It’s crazy to think that after a 7 year build up, the London 2012 Olympic games is all over. So much hype, money, and work has gone in over the past few years, it is sad to see it all come to an end. What an *amazing* (stars to emphasise just how amazing it was) two weeks. I was truly blessed to have media accreditation for the whole two weeks, and got to see all the action first hand. Almost a year to the day after publishing 7 Random Thoughts from the Olympic Test Event, what follows are 7 random thoughts and reflections about the Olympic games. I’d love to hear your own thoughts in the comments!
Let’s get this elephant out of the room right now, shall we? You may have seen my thoughts on legacy before– my feelings are largely unchanged; what legacy? The reality is, for a 10 year old who saw the Olympic basketball on television and decides they want to play basketball now, things are no different than for a 10 year old who decided they wanted to play basketball 7 years ago when we first won the bid (interesting article here, using England Hockey as a case study on how they have capitalised).
Everyone I speak to agrees unanimously the standard of junior basketball in this country is going down, there is still no access to facilities and the level of coaching leaves a lot to be desired (not helped by all of our top coaches heading abroad).
The fact that GB will continue to exist, can only be seen as a good thing and may be the only tangible ‘legacy’ the Olympics has left. However, you are reporting increased interest in your grassroots clubs across the UK, so who knows what could happen over the next few years – I hope I’m made to eat my words! I will definitely be re-visiting this topic over the coming months and years.
The fact that so many other sports were doing so well actually ended up hurting basketball. The sports pages had something to write about every day – the realisation the media only cares when you’re winning really hit home (unless you’re football). A combined 1-9 record between the GB men and women’s team just wasn’t enough to see us get more than a side column in most sport pages (that I saw).
Who knows what the GB team will look like in years to come. The centre piece, Luol Deng, has been non-committal about playing in the future (and for the record, I have no problem with that – he has more than done his bit for the programme and basketball in this country), some of the veterans (Reinking, Archibald) are retiring, others may just want a summer off(?).
There is no doubt that there will be significant change in any team that represents GB post-2012 – perhaps this is the chance to see a team built around young British guys that so many seem to want (DVO, MBA, Ogo, Justin, Richards & co.).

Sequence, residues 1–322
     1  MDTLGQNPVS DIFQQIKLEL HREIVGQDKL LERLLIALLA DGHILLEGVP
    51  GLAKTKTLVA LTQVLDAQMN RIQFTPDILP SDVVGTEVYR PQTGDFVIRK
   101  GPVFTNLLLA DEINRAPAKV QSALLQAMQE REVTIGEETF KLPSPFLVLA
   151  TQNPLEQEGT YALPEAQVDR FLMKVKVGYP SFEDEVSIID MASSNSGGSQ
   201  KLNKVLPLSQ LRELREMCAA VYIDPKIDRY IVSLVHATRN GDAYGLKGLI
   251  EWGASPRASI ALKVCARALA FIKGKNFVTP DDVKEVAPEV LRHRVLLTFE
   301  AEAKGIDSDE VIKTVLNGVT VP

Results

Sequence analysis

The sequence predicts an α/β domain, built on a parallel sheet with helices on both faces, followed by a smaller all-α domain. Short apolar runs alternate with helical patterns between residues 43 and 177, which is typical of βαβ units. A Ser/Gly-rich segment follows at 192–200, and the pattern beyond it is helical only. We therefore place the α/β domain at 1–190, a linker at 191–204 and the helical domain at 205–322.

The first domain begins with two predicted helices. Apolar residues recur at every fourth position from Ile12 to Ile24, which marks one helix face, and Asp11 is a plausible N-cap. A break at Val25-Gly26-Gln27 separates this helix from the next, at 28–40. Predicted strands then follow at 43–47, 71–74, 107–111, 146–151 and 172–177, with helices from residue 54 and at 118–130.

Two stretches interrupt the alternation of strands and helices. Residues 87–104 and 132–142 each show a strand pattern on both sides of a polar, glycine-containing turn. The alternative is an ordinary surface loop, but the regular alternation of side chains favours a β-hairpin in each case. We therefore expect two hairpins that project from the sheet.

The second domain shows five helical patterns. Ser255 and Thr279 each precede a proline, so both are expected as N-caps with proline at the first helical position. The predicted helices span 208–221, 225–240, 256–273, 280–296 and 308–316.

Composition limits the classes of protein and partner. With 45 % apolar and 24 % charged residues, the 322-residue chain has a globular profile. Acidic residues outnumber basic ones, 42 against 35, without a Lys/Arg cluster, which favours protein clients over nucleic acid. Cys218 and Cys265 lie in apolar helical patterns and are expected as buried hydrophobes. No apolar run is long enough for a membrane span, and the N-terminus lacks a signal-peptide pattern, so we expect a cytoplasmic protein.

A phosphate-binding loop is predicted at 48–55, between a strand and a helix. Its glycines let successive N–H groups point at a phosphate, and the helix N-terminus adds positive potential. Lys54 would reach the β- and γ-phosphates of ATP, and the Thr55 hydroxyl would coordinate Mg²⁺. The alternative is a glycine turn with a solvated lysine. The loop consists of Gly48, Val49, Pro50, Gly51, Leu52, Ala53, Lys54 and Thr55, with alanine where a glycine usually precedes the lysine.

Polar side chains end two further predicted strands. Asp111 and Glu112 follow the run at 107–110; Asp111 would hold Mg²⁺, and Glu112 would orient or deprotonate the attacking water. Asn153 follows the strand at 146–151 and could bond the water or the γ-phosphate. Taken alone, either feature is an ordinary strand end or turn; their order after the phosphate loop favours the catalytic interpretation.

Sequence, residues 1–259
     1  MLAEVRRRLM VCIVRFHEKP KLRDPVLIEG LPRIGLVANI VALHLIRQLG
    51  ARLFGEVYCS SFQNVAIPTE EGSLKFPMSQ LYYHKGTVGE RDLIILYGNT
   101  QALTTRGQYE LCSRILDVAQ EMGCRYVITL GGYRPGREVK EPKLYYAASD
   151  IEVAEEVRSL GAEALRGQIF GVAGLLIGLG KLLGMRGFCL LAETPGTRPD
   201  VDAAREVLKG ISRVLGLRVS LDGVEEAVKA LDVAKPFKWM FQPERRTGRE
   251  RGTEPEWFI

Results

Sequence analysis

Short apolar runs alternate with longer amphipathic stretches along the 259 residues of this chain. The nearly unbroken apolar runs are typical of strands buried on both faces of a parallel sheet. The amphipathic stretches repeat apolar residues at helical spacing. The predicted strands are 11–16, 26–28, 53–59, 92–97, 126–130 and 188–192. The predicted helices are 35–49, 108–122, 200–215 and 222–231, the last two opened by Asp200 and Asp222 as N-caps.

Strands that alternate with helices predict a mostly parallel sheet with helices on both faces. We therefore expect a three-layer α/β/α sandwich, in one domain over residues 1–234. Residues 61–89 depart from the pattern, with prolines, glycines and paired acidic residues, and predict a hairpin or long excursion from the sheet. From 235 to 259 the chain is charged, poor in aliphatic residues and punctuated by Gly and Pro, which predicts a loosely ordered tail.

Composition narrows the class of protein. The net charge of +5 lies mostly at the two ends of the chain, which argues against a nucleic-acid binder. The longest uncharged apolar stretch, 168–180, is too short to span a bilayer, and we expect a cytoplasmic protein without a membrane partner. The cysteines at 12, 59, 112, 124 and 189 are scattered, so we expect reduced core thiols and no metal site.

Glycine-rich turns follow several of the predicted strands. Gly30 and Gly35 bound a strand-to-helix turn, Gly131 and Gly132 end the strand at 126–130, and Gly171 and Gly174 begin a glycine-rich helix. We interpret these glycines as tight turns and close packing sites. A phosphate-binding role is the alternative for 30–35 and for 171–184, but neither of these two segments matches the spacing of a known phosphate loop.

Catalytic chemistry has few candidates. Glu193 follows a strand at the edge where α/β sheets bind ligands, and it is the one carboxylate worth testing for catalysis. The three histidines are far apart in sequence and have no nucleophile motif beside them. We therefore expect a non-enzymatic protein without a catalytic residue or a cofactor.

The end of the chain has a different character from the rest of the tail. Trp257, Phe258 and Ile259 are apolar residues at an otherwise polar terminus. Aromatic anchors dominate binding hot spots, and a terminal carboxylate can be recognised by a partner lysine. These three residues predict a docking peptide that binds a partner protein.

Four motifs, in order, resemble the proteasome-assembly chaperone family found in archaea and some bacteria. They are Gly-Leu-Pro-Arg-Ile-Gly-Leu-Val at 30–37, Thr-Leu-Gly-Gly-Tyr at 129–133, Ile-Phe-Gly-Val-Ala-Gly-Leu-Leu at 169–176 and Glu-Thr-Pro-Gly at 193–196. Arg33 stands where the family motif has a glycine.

To see the USA team in person is spectacular. Not just their on court prowess, but the attention and adulation they received off it was just insane. During any game that was going on, if they walked into the arena there would be a buzz as everyone would start pointing, taking photos and trying to get close to them. No-other team came close to receiving the attention they did and no other player was loved as much as Kobe.
On the court? Wow. I’ve never seen a team put points on the board so quickly, it was just outright scary.
Perhaps the most disappointing thing (and this goes beyond just the basketball) was the amount of empty seats there were for every game. It seemed to be a result of two things:
1) Selling the tickets in ‘sessions’, which meant every ticket gave the buyer access to two games and so choosing the game they wanted to watch and not bothering with the other one,
and 2) The ‘Olympic family/VIP/whatever you want to call it’ allocations not being used.
It was pretty heartbreaking to watch an Olympic basketball final with thousands of empty seats (see above picture). Just should not happen.
I have a ton of personal memories that will live with me forever from the past two weeks, but there are a couple that really standout.
Being in the press tribune during GB’s improbable-almost-win-but-not-quite-yet-again game against Spain was truly special. As we hit clutch three after three, me and Stu (Tanner) were looking at each other like “shit, we’re actually going to do this!”. Seeing the crowd finally wake up in the last couple of minutes was just awe-inspiring. It’s one of those moments that gives just a tiny little glimpse of what could be in this country – those same moments that make everyone say the UK has the potential to be a world basketball powerhouse.
Outside of GB, USA’s scoring performance against Nigeria was just ridiculous, especially Carmelo’s 37 in 14 minutes. Never seen anything like it.
As expected, it has been a record period in terms of traffic to Hoopsfix.com with over 23,000 different people from 148 different countries visiting the site over the two week period the Olympic basketball was happening, and over 40,000 in the month around the games. It’s crazy to think what started as just an idea has grown into something way bigger than I could ever have imagined – and still doesn’t feel like it has scratched the surface!
Thank you for reading, sharing, commenting and connecting with me. It is hugely appreciated, and I hope you’ll still be here by the time the next Olympics comes around!
Did you check out any of the Olympics? Thoughts? Let me know in the comments!
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